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Valar Qringaomis

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Wednesday, December 11, 2013

Malaysia Boleh Memperbodohkan Sendiri

The World Record-Breaking Capital

"From the dangerous (most days spent inside a box with 6,069 scorpions) to the inexplicable (most faces captured on a phonecam) and the outright banal (first independent tire-testing facility), not a week goes by without a record-setting event somewhere in Malaysia. The country might just be the world record holder in holding records.

The efforts are chronicled in the Malaysia Book of Records, a compendium of 2,005 of the country's bests, firsts, biggests, and longests. Many attempts are so outlandish - most time spent cooped up in a vehicle - that they're regularly slotted into the "wacky news" segments on newscasts around the world. To Western eyes, the country seems like a nation of attention-hungry circus freaks. But in Malaysia, the desire to build the largest tea bag or gather the most twins at a single location is a form of national pride...

An excellent nationwide highway system was constructed and is now filled with Protons, Malaysian-made cars driven by people who can't afford Japanese or German vehicles...

The call to excellence somehow got translated into setting the record for creating the highest stack of cans in 15 minutes...

[The Malaysia Book of Records is] also a manifesto for global peace. "If the whole world was trying for excellence, it would be the perfect world to stay in," he says, "because we would no longer be talking about fighting. We'd be talking about breaking records." Perhaps instead of disarming Iraqis, the US should be encouraging them to play checkers underwater.

The day-to-day operations at MBR's publisher are handled by Sujatha Nair. When she signed on four years ago, Nair was skeptical about her job. But when she witnessed the attempt for the longest grill of satay (a Malay kebab), she saw how seriously her fellow Malaysians take records. "I saw the work put into it: 5,000 students in the hot sun, all sweaty," she says. "Some of them were in tears"...

Penang has the largest pizza in the shape of Malaysia and the siblings with the most extra toes...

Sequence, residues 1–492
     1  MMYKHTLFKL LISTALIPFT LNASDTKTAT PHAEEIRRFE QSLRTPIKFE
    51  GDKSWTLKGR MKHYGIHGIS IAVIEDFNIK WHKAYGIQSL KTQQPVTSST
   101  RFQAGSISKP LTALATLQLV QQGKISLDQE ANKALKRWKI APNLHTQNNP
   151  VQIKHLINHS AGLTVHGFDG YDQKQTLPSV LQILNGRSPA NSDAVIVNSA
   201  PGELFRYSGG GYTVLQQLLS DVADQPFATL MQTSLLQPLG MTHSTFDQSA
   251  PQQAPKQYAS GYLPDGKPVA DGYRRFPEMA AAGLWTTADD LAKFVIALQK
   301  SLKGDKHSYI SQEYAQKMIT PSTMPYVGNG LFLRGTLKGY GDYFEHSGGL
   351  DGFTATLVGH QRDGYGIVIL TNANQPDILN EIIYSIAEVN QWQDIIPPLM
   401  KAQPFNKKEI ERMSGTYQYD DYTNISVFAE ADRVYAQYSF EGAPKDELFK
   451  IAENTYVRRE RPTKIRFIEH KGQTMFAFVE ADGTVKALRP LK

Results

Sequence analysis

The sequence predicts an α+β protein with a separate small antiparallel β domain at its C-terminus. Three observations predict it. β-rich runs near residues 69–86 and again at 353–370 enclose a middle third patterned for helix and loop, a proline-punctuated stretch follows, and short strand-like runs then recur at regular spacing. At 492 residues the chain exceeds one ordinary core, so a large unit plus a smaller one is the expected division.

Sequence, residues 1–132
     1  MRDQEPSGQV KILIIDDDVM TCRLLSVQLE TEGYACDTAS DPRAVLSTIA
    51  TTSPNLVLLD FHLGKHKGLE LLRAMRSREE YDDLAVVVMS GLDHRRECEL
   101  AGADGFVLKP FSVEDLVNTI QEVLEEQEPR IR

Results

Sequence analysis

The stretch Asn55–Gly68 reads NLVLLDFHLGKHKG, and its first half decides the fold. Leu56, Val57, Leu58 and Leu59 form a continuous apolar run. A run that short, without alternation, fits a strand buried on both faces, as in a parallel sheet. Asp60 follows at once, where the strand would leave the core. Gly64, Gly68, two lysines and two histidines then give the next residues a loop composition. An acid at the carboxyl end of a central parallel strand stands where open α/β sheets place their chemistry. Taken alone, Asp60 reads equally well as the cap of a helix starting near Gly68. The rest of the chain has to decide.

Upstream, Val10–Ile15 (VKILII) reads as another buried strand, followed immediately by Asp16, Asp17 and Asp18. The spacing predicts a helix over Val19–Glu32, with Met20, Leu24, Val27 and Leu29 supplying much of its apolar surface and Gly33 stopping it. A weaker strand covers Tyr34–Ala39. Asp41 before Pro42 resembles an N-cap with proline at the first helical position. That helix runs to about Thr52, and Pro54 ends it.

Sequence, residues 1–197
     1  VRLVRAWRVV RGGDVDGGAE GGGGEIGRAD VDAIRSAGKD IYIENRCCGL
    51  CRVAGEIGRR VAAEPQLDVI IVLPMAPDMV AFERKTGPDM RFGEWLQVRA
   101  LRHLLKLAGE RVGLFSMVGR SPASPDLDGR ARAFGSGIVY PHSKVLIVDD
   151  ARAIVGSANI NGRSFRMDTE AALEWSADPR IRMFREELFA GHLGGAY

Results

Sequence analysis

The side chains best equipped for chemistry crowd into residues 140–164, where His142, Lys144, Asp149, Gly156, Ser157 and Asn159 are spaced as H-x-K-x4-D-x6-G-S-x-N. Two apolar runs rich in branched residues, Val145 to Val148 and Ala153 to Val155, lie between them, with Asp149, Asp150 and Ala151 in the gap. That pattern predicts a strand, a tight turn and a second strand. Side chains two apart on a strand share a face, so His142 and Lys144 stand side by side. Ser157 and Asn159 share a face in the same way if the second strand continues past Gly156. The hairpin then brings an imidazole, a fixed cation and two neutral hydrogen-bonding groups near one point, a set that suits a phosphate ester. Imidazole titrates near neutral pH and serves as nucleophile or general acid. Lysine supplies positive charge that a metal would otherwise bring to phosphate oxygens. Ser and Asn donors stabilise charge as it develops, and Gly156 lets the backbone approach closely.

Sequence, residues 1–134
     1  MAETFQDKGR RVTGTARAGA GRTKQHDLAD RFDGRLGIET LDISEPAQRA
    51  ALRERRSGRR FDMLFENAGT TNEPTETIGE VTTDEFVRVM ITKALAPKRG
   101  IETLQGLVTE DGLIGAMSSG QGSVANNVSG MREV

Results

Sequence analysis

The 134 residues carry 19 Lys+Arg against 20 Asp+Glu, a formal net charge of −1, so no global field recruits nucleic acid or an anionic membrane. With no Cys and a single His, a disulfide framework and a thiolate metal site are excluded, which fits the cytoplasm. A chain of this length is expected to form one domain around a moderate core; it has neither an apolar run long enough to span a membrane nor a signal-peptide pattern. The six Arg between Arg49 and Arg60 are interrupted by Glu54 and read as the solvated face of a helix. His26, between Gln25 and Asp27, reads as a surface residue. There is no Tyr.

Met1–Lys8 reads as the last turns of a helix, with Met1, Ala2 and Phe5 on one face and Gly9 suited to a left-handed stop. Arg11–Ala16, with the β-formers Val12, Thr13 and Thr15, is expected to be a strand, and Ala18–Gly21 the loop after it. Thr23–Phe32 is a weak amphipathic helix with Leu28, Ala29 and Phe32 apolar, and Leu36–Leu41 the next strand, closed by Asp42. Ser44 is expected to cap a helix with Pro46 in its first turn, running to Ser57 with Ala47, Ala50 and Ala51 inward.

The idea that Malaysia's national image is burnished by, say, having its citizens parachute a car onto the North Pole doesn't sit well with everyone. One woman in a Kuala Lumpur suburb put it this way: "It's a waste of time. It doesn't mean anything." A letter in Malaysia's New Straits Times lamented, "Here we are, a nation gearing itself for Vision 2020, proud of our largest Hari Raya greeting card or the longest performance of a lion dance"...

In the southwestern city of Melaka, a man stands under a banner that reads MALAYSIA BOLEH! Four coconuts are set out in front of him. This is kung fu master Ho Eng Hui; he pierces coconuts with a finger faster than anyone else in Malaysia.

He addresses the crowd, describing boleh. His voice fills with emotion, and he frequently points to his heart. The spirit of doing the best you can, striving for achievement because you are Malaysian, he says, is the driving force behind his art.

He passes around a coconut for people to inspect. He shows his index finger, cruelly bent from previous coconut penetrations. And then he pauses to pitch a bottle of red-colored oil that supposedly eases pain, stimulates muscles, and saves marriages.

After an impassioned riff on his special elixir, the boleh spirit summons him. He emits several screams and jabs his finger into the shell over and over until it punches through, splattering coconut milk everywhere...

Told about the coconut triumph later, Nair shrugs. "I know a guy who can do it faster," she says. "He just hasn't had time to set up the record."
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